The Charlie Hebdo episode to me highlights the disconnect between East and West. The West loves its freedoms, the concept of democracy and its traditions developed by its civilizations, empires and history. Its glory, however, is lost on the East who, unfortunately, has mostly been the victim of those civilizations, empires and history (since, it is said, that history is written by the victor). To the East, the glories of the West is the cause of its poverty, humiliation and underdevelopment.
America has always considered itself endowed with a messianic destiny to lead all nations to a better world, but its efforts have also been the source of hardship, tragedy and sorrows for the East and, sometimes, even to the West itself. America and its allies believed that Iraq needed a regime-change and ousted Saddam Hussein from power. It viewed the Taliban, once supported by the West, as extremists and bombed them to the boondocks. The West saw these as inspired. The East saw nothing more than neo-colonialism. When Al-Qaida struck in 9/11, there were people in the East who rejoiced caught in images and broadcasted worldwide. The West could not understand why these people would celebrate an attack against a civilian target that killed so horrifically.
Today, the growth of the Islamic State boggles the West. Worse, they couldn’t understand why people who grew up in the West would actually fight for IS. What is it that has so distanced or disenfranchised its own people that they would take up arms for what can only be an enemy of the West?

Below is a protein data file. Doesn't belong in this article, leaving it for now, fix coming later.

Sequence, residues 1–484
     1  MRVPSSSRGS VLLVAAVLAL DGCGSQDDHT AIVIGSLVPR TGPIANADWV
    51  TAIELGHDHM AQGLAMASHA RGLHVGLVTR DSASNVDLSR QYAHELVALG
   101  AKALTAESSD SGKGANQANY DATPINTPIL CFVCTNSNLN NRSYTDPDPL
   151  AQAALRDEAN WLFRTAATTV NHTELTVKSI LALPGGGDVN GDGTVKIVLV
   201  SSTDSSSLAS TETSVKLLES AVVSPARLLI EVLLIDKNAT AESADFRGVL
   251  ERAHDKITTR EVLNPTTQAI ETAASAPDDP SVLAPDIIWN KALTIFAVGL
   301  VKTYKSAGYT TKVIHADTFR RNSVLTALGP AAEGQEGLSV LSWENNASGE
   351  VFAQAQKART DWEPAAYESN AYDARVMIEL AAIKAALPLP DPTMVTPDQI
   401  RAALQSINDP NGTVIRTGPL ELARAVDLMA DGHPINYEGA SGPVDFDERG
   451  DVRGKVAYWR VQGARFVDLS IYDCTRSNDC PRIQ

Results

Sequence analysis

Charlie Hebdo was keeping alive a French tradition: satire at its harshest. It is founded in their belief that they had absolute freedom of expression to ridicule any and all sacred cows. In France, if not all of the West, they are admired for it; but not all the world does. There will always be those who will be offended by their magazine. To them, Charlie Hebdo would say “too bad.” Unfortunately, there will be those who will spill blood in response.
This is not to say that what happened at Charlie Hebdo was justified, or was something they brought upon themselves. Rather, we have to realize that a coin has two sides and even if we call “heads!” There will be those who are calling for tails. The world is never absolutely how we see it. What we see as good may be bad for others. Two sides of the same coin.